SMITHSONIAN AMERICAN ART MUSEUM AND THE RENWICK GALLERY
Flower Exploration and Natural Dye Lab
Bring nature indoors in this easy-to-do craft inspired by explorer and naturalist Alexander von Humboldt
Museum From Home: Crafting Edition
Gloria Kenyon, senior public programs coordinator at SAAM, leads the museum's Handi-hour programs. Since we can't craft as a group at the moment, Gloria offers a simple project you can do at home.
Greetings from your friendly neighborhood craft master!
I hope you’ve all listened to the excellent Sidedoor Podcast episode about Alexander von Humboldt featuring our own brilliant Eleanor Harvey. Inspired by Humboldt’s exploration and his love of art and science this craft rewards exploration, close looking, and patience. (Please do not lick any tree bark or other plants while gathering supplies for these crafts.)
This is a great time of year for this one, especially if you have a yard and flowers in it. If you don’t have access to real flowers, you can still explore the concept of dyeing and make flowers by starting at Step 3.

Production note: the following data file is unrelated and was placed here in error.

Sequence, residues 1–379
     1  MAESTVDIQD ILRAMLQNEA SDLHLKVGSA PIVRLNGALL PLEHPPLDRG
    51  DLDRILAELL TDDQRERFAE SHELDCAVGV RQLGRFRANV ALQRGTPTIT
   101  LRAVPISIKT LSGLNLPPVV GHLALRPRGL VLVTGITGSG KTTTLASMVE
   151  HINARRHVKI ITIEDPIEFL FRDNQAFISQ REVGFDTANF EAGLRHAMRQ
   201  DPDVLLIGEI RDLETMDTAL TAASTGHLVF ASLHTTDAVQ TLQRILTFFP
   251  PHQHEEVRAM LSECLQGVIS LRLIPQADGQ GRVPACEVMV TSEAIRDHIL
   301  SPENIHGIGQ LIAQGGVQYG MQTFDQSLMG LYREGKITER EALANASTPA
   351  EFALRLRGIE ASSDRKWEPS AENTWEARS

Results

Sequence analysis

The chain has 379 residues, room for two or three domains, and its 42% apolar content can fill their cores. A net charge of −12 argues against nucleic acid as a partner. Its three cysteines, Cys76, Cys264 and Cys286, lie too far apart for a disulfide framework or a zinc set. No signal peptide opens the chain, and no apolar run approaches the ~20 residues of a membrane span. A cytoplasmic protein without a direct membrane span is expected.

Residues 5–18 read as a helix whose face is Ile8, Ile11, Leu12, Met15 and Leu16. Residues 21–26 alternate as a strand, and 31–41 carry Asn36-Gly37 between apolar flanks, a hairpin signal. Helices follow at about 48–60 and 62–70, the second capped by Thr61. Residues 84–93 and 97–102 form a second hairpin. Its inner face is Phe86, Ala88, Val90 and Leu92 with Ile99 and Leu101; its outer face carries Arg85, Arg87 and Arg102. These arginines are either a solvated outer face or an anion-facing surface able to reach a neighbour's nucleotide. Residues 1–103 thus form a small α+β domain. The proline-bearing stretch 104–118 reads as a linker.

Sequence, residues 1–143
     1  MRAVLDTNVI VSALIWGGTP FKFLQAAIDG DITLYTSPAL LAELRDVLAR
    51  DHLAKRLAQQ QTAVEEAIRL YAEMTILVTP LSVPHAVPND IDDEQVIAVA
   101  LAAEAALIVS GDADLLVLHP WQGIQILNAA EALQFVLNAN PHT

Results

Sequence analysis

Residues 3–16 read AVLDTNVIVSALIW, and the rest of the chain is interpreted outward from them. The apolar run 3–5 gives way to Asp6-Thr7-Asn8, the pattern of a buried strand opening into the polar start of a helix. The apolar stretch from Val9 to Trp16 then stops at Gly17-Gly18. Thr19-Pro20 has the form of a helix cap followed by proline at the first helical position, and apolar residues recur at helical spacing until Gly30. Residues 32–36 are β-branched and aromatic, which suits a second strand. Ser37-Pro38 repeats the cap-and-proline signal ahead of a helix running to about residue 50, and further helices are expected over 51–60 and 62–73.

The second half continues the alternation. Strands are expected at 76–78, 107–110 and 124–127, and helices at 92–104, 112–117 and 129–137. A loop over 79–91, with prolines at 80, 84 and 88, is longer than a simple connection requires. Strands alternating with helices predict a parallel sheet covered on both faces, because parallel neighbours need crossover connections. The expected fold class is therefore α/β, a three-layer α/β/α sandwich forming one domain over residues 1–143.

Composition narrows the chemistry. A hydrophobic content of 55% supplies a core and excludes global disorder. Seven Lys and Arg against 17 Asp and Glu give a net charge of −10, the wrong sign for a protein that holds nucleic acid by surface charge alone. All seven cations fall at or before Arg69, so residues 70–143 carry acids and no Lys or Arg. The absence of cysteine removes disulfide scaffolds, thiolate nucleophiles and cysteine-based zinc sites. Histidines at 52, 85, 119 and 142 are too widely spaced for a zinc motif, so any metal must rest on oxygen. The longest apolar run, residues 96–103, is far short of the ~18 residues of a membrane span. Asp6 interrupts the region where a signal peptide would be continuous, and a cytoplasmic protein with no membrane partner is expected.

- Supplies needed
- Real flowers
- Rolling pin
- Coffee Filters
- Pipe Cleaners
- Liquid food coloring (optional)
You can use any flowers for this one. We have daffodils and peach blossoms in our yard, so went with those. (Step 1) Pick a few flowers, they can be the same or different types. Pull them apart to explore the different sections. Here’s a general diagram of the different parts of the flower.
(Step 2) After you’ve taken the flower apart and explored all the parts, put petals, stems, and leaves in between two coffee filters. Roll over with the rolling pin and see how the colors dye the coffee filter. To add more colors, go on to Step 3. To turn into a flower with the natural dyes, skip ahead to Step 4.
Dampen the coffee filter and flatten out. Add drops of food coloring to one side and then fold in half. Place between two pieces of waxed or parchment paper and gently press together to spread colors. Unfold and let dry.
Once dry, fold the filter into quarters with a point at one end. Twist a chenille stem around the point to create a stem. Fluff out the rounded edges of the “flower.” Repeat to make a whole bouquet.
Share your flowers and scientific discoveries with us @americanart
This is the third blog post we've published on crafting at home. We began the series with homemade cherry blossom trees and sun prints. We'll be publishing another at-home craft with the craft master soon. In the meantime, check out our video library of crafting projects from past Handi-hour events.